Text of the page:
The Nursing Competence Self-Efficacy Scale: An Instrument Development and Psychometric Assessment Study
Kennedy, Evelyn Patricia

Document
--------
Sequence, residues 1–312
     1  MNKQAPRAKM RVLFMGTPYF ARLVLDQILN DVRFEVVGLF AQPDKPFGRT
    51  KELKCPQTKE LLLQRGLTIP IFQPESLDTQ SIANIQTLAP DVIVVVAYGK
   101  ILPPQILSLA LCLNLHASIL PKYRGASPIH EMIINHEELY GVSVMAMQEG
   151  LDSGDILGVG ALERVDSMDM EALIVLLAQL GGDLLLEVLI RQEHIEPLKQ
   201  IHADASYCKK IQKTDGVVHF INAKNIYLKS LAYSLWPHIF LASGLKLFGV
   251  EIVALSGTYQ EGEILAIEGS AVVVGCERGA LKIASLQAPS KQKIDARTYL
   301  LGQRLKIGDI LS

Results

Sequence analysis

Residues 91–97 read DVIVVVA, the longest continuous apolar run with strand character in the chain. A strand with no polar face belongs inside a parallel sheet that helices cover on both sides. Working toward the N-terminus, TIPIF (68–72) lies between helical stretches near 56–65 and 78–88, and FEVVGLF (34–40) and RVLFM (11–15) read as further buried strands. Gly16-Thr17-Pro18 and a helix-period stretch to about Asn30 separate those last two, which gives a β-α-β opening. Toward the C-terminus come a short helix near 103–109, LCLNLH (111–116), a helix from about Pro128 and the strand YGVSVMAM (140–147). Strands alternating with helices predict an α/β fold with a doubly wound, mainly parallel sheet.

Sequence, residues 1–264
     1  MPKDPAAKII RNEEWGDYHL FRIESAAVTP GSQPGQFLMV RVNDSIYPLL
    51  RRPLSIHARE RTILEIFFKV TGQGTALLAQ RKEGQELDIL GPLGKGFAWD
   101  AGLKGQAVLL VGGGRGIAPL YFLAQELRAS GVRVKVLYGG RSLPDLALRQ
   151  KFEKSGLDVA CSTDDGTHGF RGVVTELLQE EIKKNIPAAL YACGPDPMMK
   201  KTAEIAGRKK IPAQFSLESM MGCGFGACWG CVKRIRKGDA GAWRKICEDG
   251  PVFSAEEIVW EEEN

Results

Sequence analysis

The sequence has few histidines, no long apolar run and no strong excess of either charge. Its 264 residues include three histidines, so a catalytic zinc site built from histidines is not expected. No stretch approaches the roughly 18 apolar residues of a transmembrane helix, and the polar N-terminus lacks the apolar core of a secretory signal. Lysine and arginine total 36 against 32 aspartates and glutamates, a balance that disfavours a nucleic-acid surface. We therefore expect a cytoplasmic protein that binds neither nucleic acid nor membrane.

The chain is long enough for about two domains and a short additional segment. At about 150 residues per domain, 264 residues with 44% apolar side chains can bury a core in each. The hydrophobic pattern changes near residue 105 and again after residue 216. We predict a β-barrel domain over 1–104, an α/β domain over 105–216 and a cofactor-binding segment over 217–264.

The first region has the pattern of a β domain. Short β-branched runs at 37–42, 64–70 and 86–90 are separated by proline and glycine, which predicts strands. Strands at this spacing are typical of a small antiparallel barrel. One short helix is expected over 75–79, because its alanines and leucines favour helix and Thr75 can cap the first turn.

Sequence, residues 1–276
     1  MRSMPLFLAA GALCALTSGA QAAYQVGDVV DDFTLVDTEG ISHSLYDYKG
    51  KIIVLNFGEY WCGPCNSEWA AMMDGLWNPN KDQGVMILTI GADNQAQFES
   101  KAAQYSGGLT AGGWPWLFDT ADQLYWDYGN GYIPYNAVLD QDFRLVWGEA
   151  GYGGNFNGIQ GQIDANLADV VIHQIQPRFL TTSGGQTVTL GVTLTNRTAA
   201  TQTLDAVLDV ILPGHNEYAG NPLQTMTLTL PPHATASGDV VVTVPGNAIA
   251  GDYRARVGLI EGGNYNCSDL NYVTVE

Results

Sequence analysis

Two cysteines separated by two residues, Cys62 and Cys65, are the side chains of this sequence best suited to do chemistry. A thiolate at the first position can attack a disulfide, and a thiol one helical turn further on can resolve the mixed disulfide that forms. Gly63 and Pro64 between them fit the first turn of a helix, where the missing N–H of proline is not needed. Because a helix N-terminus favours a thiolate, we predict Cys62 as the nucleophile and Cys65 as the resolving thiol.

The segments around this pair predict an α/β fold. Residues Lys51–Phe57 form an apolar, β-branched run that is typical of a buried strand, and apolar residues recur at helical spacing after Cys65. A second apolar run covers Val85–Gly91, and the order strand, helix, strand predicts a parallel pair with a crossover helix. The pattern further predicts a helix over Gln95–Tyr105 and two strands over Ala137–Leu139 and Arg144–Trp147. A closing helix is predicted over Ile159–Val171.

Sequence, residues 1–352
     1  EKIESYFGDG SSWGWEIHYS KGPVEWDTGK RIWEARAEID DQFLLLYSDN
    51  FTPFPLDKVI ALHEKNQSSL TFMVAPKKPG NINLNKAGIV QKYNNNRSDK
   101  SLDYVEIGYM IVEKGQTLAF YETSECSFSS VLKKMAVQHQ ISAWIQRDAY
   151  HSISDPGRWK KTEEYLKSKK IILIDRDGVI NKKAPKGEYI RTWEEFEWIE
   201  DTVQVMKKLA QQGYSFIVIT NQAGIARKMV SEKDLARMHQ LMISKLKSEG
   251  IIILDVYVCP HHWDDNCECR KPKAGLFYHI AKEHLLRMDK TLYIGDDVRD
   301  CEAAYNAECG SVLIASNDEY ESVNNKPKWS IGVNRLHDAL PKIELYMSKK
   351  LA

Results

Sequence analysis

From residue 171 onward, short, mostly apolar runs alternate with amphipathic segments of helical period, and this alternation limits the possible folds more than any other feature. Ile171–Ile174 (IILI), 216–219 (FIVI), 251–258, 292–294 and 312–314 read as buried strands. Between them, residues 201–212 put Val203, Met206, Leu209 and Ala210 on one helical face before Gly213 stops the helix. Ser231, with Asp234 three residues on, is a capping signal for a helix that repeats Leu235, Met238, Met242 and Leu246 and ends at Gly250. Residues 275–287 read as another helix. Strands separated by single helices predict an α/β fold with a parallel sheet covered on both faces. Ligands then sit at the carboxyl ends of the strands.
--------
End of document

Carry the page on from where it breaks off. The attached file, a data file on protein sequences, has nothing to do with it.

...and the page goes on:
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The aim of this study was to develop and psychometrically assess an instrument to measure senior baccalaureate nursing student self-efficacy related to meeting entry level competencies required on acceptance to the nursing profession. The theoretical foundation of this study is social cognitive theory (Bandura, 1986). Social cognitive theory includes the construct of self-efficacy. The foundation of social cognitive theory guides the selection of study variables, the study design and the interpretation of the study findings. The conceptual framework for this study is The Health System and Health Human Resources (HHR) Planning Framework (O’Brien-Pallas & Tomblin Murphy, 2006). The framework links important elements in health human services and workforce planning to the self-efficacy of future registered nurses in relation to meeting expected professional competencies. A twenty-two item, likert type measurement instrument entitled the Nursing Competence Self- Efficacy Scale (NCSES) was developed and validated by experts in nursing research and practice and in consultation with experts in instrument development and psychometric assessment. Nursing experts (n=8) participated in a two-step validation process consisting of two independent reviews of the instrument, before it was administered to senior baccalaureate nursing students (N=253). The NCSES has demonstrated evidence of internal consistency reliability, test-retest stability reliability, content validity, construct validity and contrasting group validity. This is the first study to develop and assess a scale to measure senior baccalaureate nursing students’ self-efficacy for competent nursing practice. It contributes a practical 22 item instrument to evaluate senior baccalaureate nursing students’ self-efficacy for nursing competence.